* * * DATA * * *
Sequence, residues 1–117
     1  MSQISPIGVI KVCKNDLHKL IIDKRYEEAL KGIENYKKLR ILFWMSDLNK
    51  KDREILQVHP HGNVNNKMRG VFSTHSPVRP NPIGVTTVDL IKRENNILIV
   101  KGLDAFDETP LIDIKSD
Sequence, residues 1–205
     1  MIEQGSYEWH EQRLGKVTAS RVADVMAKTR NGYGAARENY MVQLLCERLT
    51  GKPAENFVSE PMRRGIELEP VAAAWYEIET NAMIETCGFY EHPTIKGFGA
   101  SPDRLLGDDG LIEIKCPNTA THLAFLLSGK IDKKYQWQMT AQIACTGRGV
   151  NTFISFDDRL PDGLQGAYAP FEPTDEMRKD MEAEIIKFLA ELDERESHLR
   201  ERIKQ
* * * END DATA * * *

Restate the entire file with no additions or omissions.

Sequence, residues 1–117
     1  MSQISPIGVI KVCKNDLHKL IIDKRYEEAL KGIENYKKLR ILFWMSDLNK
    51  KDREILQVHP HGNVNNKMRG VFSTHSPVRP NPIGVTTVDL IKRENNILIV
   101  KGLDAFDETP LIDIKSD
Sequence, residues 1–205
     1  MIEQGSYEWH EQRLGKVTAS RVADVMAKTR NGYGAARENY MVQLLCERLT
    51  GKPAENFVSE PMRRGIELEP VAAAWYEIET NAMIETCGFY EHPTIKGFGA
   101  SPDRLLGDDG LIEIKCPNTA THLAFLLSGK IDKKYQWQMT AQIACTGRGV
   151  NTFISFDDRL PDGLQGAYAP FEPTDEMRKD MEAEIIKFLA ELDERESHLR
   201  ERIKQ